Crime Prevention

Why Call the Police?

A police department cannot function effectively without the assistance of responsible citizens. The police are depending on you to call and report all suspicious persons or activities. Many crimes would not be committed if more citizens notified the police of suspicious activity .

What is Suspicious?

Basically, anything that seems even slightly out of the ordinary or is occurring at an unusual time of day could be criminal activity. For example:

  • A stranger inspecting a neighbor’s home while the occupants are away.
  • Someone trying to open a neighbor’s door or window.
  • A moving truck pulled up to a neighbor’s home while they are away. Remember, burglaries often occur at times when they should be most obvious (broad daylight, in full view of observers).
  • Someone carrying property such as televisions, computers, stereos, etc, an an unusually late hour or in an unusual place, especially if it does not appear that the property is newly purchased.
  • The sound of shattering glass, which could signal a possible burglary, vandalism or larceny in progress.
  • Anyone peering into vehicles as they walk down the street or someone removing tags, gasoline or parts from a vehicle.
  • Someone attempting to enter a vehicle using a coat hanger or other device. Never assume that it is the owner who has locked his or her keys in the car. Be suspicious of anyone tampering with the hood or trunk of a car.
  • An improperly parked or abandoned vehicle, or someone leaving one vehicle and driving away in another, which may be signs of a stolen vehicle.
  • Anyone apparently being forced into a vehicle, who could be a victim of a possible abduction.
  • Persons loitering around schools, playgrounds, parks and isolated areas in the neighborhood. These loiterers could be possible sex offenders or burglars.
  • Business transactions conducted from vehicles, especially around schools, playgrounds or parks or a steady flow of strangers to and from a particular house on a regular basis could indicate drug sales or a fencing operation (purchasing of stolen goods).
  • Offers of goods or repair work at an unusually low price, which could indicate stolen property or some type of fraud.
  • All fights, screams and loud noises (such as gunshots or explosions or similar) should be reported.
  • Door-to-door solicitors without properly issued licenses and identification should be suspected.

While this list points out many suspicious situations, it is by no means a complete record of all the instances that can occur. While some, if not all, of the above situations could have innocent explanations, your police department would rather investigate possible criminal activity than be called when it is too late to take action.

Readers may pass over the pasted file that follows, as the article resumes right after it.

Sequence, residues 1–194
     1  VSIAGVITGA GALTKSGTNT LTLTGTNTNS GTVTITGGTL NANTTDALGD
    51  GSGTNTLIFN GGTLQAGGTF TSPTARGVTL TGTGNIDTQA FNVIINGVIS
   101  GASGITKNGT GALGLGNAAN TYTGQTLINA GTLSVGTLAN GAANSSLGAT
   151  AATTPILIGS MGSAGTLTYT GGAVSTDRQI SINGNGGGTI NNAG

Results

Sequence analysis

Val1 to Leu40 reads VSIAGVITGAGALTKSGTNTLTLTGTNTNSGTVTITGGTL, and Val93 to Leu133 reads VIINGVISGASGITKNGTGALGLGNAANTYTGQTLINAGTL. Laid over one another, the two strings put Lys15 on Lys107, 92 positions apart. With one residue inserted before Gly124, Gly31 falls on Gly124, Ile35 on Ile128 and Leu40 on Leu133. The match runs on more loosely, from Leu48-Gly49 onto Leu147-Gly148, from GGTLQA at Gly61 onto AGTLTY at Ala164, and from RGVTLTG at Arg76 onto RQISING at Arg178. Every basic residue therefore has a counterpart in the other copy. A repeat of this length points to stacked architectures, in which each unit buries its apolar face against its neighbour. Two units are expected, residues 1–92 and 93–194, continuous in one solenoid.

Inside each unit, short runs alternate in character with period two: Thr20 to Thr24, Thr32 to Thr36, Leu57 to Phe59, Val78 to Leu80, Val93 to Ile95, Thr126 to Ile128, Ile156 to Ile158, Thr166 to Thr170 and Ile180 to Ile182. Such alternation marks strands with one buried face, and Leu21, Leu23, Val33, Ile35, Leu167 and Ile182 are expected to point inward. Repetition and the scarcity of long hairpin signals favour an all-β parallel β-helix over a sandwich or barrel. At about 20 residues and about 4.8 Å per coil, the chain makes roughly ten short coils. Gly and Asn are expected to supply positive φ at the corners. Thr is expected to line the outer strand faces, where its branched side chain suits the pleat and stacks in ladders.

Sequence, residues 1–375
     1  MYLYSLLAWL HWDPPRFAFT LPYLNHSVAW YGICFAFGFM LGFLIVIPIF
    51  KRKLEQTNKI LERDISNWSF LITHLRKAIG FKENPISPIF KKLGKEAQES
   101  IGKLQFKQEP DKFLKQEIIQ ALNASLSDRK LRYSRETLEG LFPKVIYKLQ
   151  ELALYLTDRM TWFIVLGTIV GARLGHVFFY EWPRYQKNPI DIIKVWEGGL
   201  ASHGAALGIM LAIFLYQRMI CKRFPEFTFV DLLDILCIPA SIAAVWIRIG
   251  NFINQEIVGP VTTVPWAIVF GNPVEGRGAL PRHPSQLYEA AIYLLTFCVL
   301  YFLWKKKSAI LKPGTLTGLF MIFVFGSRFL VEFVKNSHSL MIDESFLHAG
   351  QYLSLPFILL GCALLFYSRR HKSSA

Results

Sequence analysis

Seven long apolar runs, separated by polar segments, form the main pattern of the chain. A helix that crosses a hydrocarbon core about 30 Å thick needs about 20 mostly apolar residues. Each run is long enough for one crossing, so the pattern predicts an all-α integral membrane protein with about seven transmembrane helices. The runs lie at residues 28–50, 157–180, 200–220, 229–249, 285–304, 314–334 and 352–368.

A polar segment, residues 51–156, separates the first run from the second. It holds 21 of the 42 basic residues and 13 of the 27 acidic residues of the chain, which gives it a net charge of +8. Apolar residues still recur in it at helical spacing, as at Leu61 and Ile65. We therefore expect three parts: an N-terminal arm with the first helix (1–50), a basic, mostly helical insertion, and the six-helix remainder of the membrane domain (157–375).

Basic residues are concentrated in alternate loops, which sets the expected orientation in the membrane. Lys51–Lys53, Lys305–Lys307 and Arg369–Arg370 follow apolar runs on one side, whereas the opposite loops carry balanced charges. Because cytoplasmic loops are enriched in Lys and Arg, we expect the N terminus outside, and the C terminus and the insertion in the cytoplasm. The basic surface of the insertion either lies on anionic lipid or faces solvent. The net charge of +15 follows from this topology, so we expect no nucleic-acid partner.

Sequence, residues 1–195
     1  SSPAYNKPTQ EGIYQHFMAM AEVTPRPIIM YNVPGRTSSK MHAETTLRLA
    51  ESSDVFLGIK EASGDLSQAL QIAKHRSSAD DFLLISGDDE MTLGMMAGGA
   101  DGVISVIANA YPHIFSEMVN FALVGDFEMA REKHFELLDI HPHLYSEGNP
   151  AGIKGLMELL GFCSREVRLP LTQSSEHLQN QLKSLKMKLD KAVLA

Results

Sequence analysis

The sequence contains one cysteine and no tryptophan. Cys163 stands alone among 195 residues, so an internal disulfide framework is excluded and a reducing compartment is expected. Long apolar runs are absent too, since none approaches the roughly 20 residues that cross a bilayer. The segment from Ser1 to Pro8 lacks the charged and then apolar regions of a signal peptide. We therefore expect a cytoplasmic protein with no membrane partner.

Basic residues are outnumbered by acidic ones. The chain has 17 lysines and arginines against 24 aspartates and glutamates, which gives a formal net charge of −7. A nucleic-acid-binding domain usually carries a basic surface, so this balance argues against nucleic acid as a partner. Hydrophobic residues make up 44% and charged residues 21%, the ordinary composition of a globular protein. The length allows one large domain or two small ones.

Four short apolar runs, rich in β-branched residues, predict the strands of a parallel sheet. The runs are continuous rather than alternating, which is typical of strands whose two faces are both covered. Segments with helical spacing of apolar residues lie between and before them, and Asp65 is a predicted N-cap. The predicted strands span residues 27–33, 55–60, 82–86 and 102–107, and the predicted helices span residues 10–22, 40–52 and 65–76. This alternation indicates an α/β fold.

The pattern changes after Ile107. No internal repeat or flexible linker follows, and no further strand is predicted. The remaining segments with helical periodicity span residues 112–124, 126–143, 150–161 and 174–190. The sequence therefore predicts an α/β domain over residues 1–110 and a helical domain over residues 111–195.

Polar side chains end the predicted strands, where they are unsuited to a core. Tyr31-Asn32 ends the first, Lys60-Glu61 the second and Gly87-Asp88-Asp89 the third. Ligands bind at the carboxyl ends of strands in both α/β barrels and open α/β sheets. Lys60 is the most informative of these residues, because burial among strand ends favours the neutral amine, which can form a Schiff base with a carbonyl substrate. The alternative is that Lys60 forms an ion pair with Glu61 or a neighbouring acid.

When Should You Call the Police?

Don’t wait for someone else to call–they may be waiting for YOU to do that! Call the police immediately to report an in-progress suspicious activity. The more people who call to report their suspicions, the closer the attention given by police. It is part of a police officer’s job to investigate suspicious activity and you should not feel embarrassed if your call should prove to be unfounded. Think about what could have happened if you failed to call and the activity turned out to be a crime. Often citizens fail to call because they are not sure of their suspicions, If in doubt, call the police immediately–or at least jot down what was seen (activity, description, license plate numbers, direction of travel). You may call the police non-emergency number, [FILL IN BLANK], if you want to report but feel uncertain.

How Do You Call the Police?

If there is suspicious activity, a crime in progress or an emergency situation, call 911. Your name, address and phone number will appear on the police answering device. This information is recorded in case additional contact with you is necessary. If you do not wish to provide any personal information, call the non-emergency number, [FILL IN THE BLANK – and by the way, is this still true, that your non-em number doesn’t record who called? If not, we need to reword this bit]. Any information provided to the Police Department is kept in confidence. If you do not wish to have personal contact with the responding officer at the scene, please say so.

Additional procedures to consider when calling the police:

  • Be as specific as possible regarding type of crime or situation.
  • Answer all questions as best you can and stay on the phone until the police operator has all necessary information.
  • Be available, if needed, to assist responding officer(s) with additional information.
  • Please remember the police depend on accurate information and those who deliberately provide false information can and will be prosecuted.

Information most often needed:

  • What happened?
  • Where?
  • Injuries?
  • Weapons involved?
  • Are the parties still there?
  • Description?
  • Start at the top and work down–hair, face, clothing, race, sex, age
  • Compare height and weight to your own
  • Pick out distinctive characteristics–scars, tattoos, earrings, other jewelry
  • Vehicles involved?
  • License number
  • Color
  • Type
  • Distinctive characteristics
  • Damage
  • Direction of travel